New CBO numbers could pave the way for CSR, reinsurance funding
Federal lawmakers soon may have financial justification for funding cost-sharing reduction payments for insurers as well as reinsurance, when a new government report shows CSRs will save the government $32 billion if they're funded for the next three years.
The Congressional Budget Office is expected to release a report with the reworked baseline within the next few weeks, setting the stage for lawmakers to include the payments in a spending omnibus bill due later this month. The magnitude of the projected savings is especially good news for insurers because it could help counter resistance to a federal reinsurance pool on the grounds that it would cost too much.
Insurers have been lobbying Congress to pass a reinsurance measure over the past few months. Justine Handelman, senior vice president of policy at the Blue Cross and Blue Shield Association, has called reinsurance the "most important" policy Congress could pass to lower premiums because of the funding backstop and certainty for high-cost coverage of sick enrollees.
The change in CBO's budget baseline reflects the Trump administration's decision to stop making CSR payments. President Donald Trump halted these payments starting last October, and so far Congress hasn't authorized them.
As a result, government spending on premium tax credits that are based on the costs of premiums have gone up, since insurers have baked the CSR costs into the plans. If CBO removes CSRs from the baseline to reflect actual government spending, adding them back in would show these greater savings.
The White House included a recommendation to fund CSRs in its budget.
Several Capitol Hill aides apprised of the savings projected by the new baseline confirmed the CBO number. As of press time, the CBO did not respond to Modern Healthcare's request for confirmation.
These findings come as Republicans try to come to terms with ballot-box-friendly healthcare provisions, even if it means stabilizing the Affordable Care Act, which last year the GOP-led Congress tried and failed to repeal. The latest example comes from Wisconsin, where GOP Gov. Scott Walker has approved a waiver application to set up a reinsurance pool for his state.
Ultimately, the decision to include a stabilization measure in the next big spending vehicle falls to leaders negotiating the final provisions of the upcoming spending omnibus. Congress needs to pass the omnibus by March 23, when the continuing budget resolution that is currently funding the government is due to run out.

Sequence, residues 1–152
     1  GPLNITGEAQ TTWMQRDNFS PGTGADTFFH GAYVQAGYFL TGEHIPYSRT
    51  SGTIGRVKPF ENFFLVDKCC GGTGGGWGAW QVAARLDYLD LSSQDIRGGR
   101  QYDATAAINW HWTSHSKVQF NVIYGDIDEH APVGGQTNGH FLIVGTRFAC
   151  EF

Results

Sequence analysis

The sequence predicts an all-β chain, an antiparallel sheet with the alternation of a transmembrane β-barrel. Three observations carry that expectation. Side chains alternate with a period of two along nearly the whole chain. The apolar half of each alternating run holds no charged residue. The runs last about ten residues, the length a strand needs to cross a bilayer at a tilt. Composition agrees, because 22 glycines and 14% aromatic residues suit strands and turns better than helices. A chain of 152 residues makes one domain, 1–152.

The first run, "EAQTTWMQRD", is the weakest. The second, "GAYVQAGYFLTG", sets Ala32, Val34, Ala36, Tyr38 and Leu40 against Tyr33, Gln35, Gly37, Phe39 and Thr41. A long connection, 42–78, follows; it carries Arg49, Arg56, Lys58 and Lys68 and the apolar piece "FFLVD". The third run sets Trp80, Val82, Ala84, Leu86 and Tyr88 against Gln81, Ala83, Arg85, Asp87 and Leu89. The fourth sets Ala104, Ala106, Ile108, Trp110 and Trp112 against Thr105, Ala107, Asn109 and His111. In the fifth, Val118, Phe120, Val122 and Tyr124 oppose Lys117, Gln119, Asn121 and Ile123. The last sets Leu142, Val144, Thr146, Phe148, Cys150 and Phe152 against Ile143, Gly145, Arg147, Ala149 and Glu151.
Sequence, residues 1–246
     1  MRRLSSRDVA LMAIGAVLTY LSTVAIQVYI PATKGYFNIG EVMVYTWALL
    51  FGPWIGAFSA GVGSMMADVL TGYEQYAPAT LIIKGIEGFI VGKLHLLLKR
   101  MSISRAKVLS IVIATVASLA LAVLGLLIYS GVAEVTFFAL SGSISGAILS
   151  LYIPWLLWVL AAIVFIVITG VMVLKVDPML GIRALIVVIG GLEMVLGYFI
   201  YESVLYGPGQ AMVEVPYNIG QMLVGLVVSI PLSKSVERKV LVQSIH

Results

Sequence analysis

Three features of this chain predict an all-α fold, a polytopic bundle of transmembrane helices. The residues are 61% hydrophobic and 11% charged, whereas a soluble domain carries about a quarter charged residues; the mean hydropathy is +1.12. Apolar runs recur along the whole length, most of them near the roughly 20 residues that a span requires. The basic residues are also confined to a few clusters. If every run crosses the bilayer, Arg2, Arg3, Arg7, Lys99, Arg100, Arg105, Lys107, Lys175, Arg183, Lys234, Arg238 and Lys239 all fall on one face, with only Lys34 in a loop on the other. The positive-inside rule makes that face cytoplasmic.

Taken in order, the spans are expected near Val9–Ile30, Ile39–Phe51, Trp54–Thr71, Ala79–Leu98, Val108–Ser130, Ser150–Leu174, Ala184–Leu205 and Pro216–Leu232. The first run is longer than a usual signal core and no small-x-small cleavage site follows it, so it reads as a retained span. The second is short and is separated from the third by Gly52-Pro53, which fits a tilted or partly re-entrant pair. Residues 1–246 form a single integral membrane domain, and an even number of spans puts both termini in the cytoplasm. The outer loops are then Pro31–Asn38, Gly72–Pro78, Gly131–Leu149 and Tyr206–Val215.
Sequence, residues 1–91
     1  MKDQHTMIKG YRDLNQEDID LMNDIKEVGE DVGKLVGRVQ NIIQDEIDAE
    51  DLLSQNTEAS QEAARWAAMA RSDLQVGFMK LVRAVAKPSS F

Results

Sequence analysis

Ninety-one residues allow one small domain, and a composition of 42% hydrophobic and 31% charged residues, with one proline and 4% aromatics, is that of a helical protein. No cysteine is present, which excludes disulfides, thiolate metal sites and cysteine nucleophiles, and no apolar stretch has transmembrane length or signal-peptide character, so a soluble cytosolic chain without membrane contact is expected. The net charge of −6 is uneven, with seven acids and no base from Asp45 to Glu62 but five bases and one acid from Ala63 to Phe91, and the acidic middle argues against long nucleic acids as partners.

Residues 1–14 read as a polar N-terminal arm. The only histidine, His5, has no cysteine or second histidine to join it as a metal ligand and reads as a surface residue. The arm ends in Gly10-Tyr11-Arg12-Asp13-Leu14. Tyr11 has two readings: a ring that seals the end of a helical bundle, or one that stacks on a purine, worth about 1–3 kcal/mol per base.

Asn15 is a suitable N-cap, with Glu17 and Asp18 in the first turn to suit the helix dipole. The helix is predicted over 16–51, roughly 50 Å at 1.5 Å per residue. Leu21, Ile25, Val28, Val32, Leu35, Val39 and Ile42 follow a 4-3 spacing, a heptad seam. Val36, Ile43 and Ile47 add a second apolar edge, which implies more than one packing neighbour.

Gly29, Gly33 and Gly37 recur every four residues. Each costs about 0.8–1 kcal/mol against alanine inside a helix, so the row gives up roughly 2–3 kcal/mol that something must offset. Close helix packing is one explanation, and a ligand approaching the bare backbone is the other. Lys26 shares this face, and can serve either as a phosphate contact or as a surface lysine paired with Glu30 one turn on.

While Sens. Lamar Alexander (R-Tenn.) and Patty Murray (D-Wash.) continue to work on a stabilization measure, House GOP leaders have embraced the measure introduced by Rep. Ryan Costello (R-Pa.) that would set up a $30 billion reinsurance fund that allocates $10 billion annually for three years in a federal backstop for high-cost claims. The HHS secretary would have full discretion over how to spend the money.
Insurance lobbyists like this House provision because it doesn't involve states needing to apply for 1332 waivers as they would in the Senate reinsurance proposal authored by Sen. Susan Collins (R-Maine).
Collins has told Modern Healthcare she is in talks with House Energy & Commerce Committee leadership as well as Costello on the best way forward for reinsurance. She likes the higher funding levels in the House proposal — her bill would let states draw down from a $2.25 billion pool that would be available annually for two years — but would prefer to leverage the 1332 waivers to patch together more money with pass-through payments and magnify the impact of the available federal dollars.
But Costello noted practical implications of states needing to gain the approval of their legislatures for a 1332 waiver before then applying to the CMS could delay the goal of lower premiums past 2019.
Whichever measure is decided on would require 60 votes in the Senate, majority approval in the House and the support of the White House.
But first, the select committee of appropriators needs to agree to include it in the omnibus. Other major healthcare provisions up for negotiation during this process include the $6 billion designated for the opioid epidemic.
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